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Basic Document Methods

Historically, the Document object supported five methods for controlling output to the document: clear(), close(), open(), write(), and writeln(). Throughout the book we have used the document.write() method to output strings to the document. Yet we really haven’t used the others at all. Let’s take a look at their features to understand why.

First, let’s address the difference between document.write(string) and document.writeln (string). Both methods take strings and output the passed string to the active document. The main difference is that the writeln() method adds a newline character (\n) to its output while the write() method does not. However, under (X)HTML, return or newline characters are ignored except within certain situations like the <<pre>> tag, within a <<textarea>>, or when a CSS white-space property is applied so you may never notice the difference. The following code snippet uses a <<pre>> tag to show the difference between the methods:

<<script type="text/javascript">>

document.write("This is a write notice it doesn't cause a return even in a 
pre element");
document.writeln("This line will have a line break");
document.writeln("like so.");
document.write("You can always manually use a &lt;br&gt; element to output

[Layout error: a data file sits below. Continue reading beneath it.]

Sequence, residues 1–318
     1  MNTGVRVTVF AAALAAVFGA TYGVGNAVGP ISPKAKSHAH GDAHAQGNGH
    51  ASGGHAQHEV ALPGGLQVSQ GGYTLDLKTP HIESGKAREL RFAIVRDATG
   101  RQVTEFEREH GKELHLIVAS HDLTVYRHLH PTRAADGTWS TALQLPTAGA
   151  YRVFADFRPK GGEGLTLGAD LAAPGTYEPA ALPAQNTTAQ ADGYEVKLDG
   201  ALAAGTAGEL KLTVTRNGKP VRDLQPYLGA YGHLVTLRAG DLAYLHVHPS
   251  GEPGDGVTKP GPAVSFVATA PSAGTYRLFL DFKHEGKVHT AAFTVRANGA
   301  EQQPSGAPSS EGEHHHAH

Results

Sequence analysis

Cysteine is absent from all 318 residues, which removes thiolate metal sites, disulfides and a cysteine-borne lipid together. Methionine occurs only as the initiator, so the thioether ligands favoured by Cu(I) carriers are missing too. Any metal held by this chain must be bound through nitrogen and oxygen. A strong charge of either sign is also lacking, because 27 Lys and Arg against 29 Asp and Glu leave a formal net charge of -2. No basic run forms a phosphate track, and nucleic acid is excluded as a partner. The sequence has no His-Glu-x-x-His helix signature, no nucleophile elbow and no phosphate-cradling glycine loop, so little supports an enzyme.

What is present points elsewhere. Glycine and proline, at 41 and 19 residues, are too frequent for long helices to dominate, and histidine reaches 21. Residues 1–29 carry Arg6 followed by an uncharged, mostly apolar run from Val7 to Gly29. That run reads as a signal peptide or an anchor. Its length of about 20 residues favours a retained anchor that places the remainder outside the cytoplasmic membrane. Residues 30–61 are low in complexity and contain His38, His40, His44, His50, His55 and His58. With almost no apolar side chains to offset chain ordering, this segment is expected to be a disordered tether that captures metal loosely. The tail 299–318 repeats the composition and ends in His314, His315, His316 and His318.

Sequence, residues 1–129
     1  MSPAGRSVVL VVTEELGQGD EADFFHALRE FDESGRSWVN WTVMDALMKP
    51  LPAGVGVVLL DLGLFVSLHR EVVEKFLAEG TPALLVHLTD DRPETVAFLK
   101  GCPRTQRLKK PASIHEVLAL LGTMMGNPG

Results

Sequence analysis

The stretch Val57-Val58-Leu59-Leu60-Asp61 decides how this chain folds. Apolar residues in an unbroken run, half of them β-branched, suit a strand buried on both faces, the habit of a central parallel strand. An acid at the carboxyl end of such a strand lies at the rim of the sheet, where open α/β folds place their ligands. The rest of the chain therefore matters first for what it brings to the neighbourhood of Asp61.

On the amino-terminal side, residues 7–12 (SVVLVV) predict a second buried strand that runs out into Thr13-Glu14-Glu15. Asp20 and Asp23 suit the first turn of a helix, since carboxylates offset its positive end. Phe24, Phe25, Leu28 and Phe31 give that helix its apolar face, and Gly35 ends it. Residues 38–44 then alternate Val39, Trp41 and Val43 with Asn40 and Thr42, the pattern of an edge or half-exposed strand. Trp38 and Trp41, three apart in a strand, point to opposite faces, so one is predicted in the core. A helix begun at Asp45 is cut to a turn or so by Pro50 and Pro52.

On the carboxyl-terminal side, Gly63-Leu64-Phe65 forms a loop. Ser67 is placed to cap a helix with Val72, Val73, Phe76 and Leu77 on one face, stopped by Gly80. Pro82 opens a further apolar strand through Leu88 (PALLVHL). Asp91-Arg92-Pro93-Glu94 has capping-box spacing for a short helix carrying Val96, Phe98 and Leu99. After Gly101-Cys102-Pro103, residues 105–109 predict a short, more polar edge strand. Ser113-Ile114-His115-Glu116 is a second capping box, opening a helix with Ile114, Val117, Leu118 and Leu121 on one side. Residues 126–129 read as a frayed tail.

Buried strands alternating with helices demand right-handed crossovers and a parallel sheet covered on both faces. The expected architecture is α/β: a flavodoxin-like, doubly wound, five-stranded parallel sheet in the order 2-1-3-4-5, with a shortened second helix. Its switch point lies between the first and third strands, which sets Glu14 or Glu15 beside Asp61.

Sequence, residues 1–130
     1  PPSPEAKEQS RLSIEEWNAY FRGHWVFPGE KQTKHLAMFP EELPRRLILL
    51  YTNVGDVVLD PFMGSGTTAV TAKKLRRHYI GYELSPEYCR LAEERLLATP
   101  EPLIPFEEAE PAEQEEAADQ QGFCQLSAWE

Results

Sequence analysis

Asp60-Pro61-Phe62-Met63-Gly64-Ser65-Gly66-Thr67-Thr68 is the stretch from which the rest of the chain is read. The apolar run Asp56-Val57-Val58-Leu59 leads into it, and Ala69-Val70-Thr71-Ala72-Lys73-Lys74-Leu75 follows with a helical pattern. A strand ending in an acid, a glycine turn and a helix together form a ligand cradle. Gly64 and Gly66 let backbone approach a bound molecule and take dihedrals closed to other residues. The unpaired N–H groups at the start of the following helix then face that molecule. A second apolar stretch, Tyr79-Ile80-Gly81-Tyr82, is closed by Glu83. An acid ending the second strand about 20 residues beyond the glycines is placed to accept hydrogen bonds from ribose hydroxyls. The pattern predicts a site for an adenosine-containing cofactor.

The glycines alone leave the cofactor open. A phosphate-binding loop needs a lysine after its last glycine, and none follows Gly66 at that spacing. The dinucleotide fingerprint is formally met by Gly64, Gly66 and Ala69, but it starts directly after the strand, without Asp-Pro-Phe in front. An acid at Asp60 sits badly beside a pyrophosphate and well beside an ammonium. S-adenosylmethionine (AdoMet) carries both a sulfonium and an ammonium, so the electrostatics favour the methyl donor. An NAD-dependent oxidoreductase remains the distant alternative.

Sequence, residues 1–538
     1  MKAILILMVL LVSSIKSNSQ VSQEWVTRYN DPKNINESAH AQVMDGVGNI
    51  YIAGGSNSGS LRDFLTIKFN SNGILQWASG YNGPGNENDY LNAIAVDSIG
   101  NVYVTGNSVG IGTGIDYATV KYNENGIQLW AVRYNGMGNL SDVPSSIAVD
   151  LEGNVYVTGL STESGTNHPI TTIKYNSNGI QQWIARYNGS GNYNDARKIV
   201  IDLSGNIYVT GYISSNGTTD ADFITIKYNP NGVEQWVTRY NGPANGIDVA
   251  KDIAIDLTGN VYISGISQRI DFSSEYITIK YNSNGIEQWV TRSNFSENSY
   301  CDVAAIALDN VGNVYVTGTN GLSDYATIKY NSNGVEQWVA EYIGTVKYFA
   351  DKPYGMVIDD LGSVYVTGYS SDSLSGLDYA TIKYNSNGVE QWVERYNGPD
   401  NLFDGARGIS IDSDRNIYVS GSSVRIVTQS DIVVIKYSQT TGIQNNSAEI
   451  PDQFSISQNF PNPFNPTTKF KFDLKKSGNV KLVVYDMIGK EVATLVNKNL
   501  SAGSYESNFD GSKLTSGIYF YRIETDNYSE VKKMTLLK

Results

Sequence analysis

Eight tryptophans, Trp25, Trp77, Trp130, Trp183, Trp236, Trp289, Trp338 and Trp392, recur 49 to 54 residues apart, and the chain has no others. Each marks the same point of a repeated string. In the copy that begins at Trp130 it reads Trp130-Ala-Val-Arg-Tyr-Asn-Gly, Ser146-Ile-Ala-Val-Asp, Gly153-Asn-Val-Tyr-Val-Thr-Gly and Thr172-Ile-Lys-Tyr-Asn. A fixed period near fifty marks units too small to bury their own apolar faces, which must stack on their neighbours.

<<br>>breaks to HTML");


The result is shown here:

Click To expand

Using document.write() and writeln(), we have gotten used to writing out (X)HTML to documents. As we have seen, it can be somewhat time consuming to output numerous strings, so it is often better to build a string up and then output it at once like so:

<<script type="text/javascript">>
var str = "";
str += "This is a very long string.";
str += "It has entities like &copy; as well as <<b>>XHTML<</b>> tags.";
str += "We can even include <<pre>> various special characters like";
str += "\t \t tabs or even newlines \n \n in our string<</pre>>";
str += "but remember the rules of XHTML may override \t\t\n our efforts";

It should seem obvious what clear(), open(), and close() do. By their names, you would expect clear() to clear out the contents of a document and open() and close() to respectively open and close a document for writing. The reality is that document.clear() is not supported in modern JavaScript browsers, and in fact the document is effectively closed for writing using document.write() once displayed. Thus, explicitly opening and closing the document doesn’t really do much. However, you might find one use for them when creating content for a document in a new window, as demonstrated by the following simple example.

<<script type="text/javascript">>
var mywindow ="","newwin", "height=300,width=300");;

Of course you might notice that the and close() really don’t seem to be required in the example at all! Hopefully, with the rise of a standardized DOM such weird JavaScript peculiarities will fade away as everything becomes changeable.

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